Let me start by saying one thing: I was, and to some degree still am, a huge Nintendo fan. I grew up surrounded by a Super Nintendo, Game Boy, Super Game Boy, N64, Gamecube and even a DS and a Wii. I thrived on the adventures of Mario, Donkey Kong, Diddy Kong, Kirby, Link, Samus, Yoshi and the rest of the colourful cast of characters under the huge red umbrella marked N.  But… my love affair would always end the same. My SNES was accompanied by a Mega Drive, my N64 became a Playstation, Gamecube a Playstation 2 and my DS and Wii combined to finance an Xbox 360.

Eventually, while I enjoyed the escapades that Nintendo offered me, like an unhappy housewife, I always looked at the cool games the other consoles were housing and found myself wishing for those. And like that unhappy housewife, I would often up sticks and jump into the flash sports car offered by Sony and Microsoft and drive off, leaving my well-meaning, but ultimately unfulfilling, fat Italian husband behind.

Therefore, it is with no surprise (but considerable sadness) that Nintendo announced recent losses that were triple those which had been forecast. Now, while most gamers are not interested in cold, hard numbers, these particular ones are staggering: instead of a forecast loss of ¥20 billion for the full year ending March, they are looking at a staggering ¥65 billion loss. While Nintendo President Saturo Iwata is going full damage control, stating that next year Nintendo will bounce back bigger than ever with the launch of Wii U, these are still bad numbers.

So the question gamers of my generation have to ask is: “what went wrong?”  What happened to the innovative, industry-defining and ultimately, fun video games company we all grew up with? Unfortunately the simple answer is in those adjectives: misjudged innovation, stagnant ideas and a lack of what fun is.  Let me start with the first one. At first I wanted to say “lack of innovation”, but knew many Nintendo loyalists would shout: “Oli, you crazed fool! Nintendo are the front-runners of innovation! Look at the 3DS! The Wii! This is technology for the future!” Well, yes.  Yes they are, hence why I changed it to “misjudged innovation”. You see, while the Wii and 3DS did bring new technology into the world of video games, they weren’t for the best. I’m not talking Virtual Boy levels here, but it’s depressingly close.

Say cheese. Lots of cheese...

Starting with the Wii, the cold hard truth is if you ask most ‘hardcore’ gamers (and even those on the cusp between that and casual), they will say that they simply don’t want motion control. The argument is that it doesn’t work, is implemented terribly (or annoyingly) and, most of all, it doesn’t replace the feeling of actually holding a controller and pressing buttons. One only has to look at the backlash Microsoft has had with Kinect to see how your average gamer feels about ‘being the controller’.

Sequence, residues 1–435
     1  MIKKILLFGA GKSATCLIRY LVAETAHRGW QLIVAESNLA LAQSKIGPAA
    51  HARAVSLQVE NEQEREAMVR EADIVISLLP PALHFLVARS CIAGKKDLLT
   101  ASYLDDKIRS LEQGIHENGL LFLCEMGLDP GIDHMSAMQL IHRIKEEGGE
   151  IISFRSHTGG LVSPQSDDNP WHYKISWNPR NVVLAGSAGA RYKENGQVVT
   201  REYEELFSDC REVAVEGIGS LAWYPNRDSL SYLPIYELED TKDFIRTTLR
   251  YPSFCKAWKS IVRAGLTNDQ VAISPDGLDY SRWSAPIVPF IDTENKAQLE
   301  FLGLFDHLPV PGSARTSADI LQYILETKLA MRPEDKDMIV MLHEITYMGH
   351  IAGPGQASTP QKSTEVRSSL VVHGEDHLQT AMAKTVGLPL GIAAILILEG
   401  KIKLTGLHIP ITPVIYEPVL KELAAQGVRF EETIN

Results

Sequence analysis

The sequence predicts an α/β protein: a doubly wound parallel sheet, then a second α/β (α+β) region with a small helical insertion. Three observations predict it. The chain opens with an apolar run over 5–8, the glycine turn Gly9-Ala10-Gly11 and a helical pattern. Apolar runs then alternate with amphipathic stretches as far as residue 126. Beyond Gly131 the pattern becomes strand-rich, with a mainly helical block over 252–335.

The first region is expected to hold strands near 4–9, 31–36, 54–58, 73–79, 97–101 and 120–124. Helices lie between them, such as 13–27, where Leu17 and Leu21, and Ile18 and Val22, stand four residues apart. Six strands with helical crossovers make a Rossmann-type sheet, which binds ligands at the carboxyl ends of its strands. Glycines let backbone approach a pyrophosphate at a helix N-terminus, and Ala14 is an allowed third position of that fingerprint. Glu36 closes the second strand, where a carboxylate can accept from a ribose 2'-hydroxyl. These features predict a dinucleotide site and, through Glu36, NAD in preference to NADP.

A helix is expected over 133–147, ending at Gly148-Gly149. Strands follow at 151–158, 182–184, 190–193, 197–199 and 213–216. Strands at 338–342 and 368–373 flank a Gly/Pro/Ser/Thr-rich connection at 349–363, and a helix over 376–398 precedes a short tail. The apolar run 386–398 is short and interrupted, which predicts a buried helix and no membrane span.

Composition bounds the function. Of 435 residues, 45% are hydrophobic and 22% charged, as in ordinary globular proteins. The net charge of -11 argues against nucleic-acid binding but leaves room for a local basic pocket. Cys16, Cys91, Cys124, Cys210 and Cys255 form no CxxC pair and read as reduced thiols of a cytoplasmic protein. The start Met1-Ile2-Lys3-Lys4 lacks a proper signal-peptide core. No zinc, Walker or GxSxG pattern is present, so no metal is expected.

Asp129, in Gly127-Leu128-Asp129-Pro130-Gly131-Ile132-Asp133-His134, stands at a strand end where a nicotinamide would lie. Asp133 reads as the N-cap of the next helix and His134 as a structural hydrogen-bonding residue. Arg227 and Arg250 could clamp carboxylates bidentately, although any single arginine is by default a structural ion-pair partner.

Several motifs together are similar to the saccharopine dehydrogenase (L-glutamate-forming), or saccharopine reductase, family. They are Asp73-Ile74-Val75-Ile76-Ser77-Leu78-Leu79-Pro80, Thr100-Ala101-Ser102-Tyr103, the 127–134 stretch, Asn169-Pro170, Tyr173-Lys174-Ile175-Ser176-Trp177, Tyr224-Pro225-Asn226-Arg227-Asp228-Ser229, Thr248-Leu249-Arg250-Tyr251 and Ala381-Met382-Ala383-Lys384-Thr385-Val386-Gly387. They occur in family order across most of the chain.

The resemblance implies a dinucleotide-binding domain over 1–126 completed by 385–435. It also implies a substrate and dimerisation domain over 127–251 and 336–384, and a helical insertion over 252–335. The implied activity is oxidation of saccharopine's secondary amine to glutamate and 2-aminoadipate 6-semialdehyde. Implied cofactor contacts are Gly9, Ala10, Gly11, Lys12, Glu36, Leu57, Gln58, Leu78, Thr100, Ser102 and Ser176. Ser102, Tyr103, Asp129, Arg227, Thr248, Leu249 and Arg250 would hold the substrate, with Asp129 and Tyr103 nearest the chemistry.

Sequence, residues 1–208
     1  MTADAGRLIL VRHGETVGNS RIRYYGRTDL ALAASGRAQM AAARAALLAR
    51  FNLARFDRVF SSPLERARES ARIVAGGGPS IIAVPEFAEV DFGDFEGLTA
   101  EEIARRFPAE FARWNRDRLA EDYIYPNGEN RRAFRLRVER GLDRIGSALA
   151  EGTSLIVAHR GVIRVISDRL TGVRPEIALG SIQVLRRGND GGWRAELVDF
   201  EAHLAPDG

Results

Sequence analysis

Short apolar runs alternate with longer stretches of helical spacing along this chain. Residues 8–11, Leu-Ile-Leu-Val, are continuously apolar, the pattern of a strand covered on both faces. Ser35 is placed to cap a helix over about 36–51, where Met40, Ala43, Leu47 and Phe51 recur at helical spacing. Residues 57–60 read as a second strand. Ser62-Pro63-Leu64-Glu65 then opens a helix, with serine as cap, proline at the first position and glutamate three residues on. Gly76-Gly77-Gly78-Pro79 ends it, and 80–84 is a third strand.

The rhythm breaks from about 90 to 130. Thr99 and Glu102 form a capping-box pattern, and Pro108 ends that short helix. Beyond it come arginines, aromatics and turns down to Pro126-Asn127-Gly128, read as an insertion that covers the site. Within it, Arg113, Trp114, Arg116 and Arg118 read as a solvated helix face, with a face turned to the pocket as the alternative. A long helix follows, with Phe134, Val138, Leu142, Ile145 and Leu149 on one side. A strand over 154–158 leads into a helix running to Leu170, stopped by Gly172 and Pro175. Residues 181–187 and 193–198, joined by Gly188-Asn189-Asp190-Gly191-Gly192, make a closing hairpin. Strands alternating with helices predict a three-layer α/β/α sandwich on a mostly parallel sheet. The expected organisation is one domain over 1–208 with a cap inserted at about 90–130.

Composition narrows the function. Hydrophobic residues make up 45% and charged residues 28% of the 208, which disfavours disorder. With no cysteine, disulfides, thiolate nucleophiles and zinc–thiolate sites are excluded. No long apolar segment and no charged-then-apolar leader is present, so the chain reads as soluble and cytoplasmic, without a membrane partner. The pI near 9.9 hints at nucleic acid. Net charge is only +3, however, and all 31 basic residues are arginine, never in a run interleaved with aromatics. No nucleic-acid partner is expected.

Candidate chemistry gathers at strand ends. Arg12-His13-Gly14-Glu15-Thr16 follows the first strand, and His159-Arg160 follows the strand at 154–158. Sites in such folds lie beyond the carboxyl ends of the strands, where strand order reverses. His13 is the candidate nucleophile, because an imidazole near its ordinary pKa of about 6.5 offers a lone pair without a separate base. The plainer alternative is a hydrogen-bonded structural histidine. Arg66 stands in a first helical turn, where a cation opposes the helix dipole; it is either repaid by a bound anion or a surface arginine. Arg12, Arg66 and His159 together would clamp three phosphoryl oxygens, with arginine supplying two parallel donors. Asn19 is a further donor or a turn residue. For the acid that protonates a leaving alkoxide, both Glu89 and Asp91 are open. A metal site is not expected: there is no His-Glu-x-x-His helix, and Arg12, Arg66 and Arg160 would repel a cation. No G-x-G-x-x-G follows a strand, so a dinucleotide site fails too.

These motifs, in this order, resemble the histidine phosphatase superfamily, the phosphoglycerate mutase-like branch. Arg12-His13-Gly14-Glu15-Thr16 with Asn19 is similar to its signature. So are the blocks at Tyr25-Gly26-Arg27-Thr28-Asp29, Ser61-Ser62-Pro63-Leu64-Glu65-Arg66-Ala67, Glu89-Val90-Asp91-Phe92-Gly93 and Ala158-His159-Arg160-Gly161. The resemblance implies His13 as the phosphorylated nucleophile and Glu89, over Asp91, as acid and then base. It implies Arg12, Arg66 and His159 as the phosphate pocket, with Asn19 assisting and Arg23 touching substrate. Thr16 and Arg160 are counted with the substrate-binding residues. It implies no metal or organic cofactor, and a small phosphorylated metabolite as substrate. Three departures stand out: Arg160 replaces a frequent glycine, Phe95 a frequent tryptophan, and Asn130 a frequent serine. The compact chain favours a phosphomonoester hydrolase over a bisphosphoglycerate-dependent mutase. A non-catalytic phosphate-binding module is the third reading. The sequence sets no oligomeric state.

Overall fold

Naturally, you could argue that the Wii appeals to a different demographic than the Xbox 360 does, and that is true. However, that market is the casual gamer market; casual gamers who, while profitable at first (combined with the curious average gamer), will slowly taper off due to lack of interest. I mean, if you look at the games that fully implement motion control, you find yourself looking at the likes of Wii Fit and party games such as Wii Sports. Popular platformers such as the Mario Galaxy series and even, err, New Super Mario Bros (there’s my second point appearing early…) rely less on shaking a controller and more on holding the Wiimote like a classic controller. It seems even Nintendo are realising that the motion control world isn’t as fine-tuned as it needs to be to hold an audience yet.

Which brings me to the 3DS. When it was announced, you simply had to be impressed. After all, this was 3D gaming without the need for glasses. With 3D hitting other areas of the entertainment industry, this was the perfect time to jump on the bandwagon and start selling the stunning visual nature of 3D to the gaming masses. However, this came with one small problem in that not everyone liked 3D. The larger problem came with this: how do you show off 3D in a largely 2D showcasing world (i.e. TV advertising)? While an outstanding innovation, the 3DS was simply a victim of its own gimmick. The only way you could really see the effects was if you had one in your hand, and with early prices in the £200.00 range, it was an expensive gamble to make.

On top of that came another problem in this troubled hand-held’s life in that the 3D was very unreliable, or was simply bad for you. From personal experience, I can say that when I first tried the 3DS after borrowing one from a friend, I was very impressed with the 3D, but after a few minutes I started to get a headache, my eyes were shifting in and out of focus and I found myself not so much playing the game on screen as trying to stop myself having a seizure. Other gamers I know have said similar things: that while the 3D is pretty, it plays hell with your vision, and some of those gamers have just turned the 3D off.

The one character we just don't see enough of. Ahem.